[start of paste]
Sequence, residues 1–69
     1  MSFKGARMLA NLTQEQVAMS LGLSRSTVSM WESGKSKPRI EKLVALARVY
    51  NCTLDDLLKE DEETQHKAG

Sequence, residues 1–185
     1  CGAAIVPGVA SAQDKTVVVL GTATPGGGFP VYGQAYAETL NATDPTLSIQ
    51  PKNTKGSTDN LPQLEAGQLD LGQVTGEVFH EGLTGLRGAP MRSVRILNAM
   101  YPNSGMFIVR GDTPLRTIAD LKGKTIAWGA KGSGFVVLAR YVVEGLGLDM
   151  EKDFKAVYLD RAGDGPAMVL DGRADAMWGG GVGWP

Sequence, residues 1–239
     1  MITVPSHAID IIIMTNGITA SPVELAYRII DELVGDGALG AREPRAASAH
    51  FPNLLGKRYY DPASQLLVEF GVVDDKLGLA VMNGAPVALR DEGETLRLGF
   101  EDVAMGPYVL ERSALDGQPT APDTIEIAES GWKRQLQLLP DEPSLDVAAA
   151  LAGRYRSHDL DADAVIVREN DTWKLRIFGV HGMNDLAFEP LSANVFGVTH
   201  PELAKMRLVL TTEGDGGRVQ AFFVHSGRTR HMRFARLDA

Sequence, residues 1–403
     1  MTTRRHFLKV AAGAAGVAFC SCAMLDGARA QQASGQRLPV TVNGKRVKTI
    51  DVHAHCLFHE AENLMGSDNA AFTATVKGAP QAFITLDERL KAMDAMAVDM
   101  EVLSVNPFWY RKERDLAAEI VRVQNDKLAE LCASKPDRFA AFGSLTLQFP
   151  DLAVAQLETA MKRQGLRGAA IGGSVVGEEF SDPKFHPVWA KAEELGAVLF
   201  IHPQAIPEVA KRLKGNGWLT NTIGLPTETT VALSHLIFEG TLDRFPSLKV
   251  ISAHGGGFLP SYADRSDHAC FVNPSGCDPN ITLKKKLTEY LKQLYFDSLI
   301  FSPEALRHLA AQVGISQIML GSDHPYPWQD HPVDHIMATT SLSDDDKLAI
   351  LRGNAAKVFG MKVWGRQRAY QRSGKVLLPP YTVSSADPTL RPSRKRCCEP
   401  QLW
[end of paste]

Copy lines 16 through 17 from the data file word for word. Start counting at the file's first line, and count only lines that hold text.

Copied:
     1  MTTRRHFLKV AAGAAGVAFC SCAMLDGARA QQASGQRLPV TVNGKRVKTI
    51  DVHAHCLFHE AENLMGSDNA AFTATVKGAP QAFITLDERL KAMDAMAVDM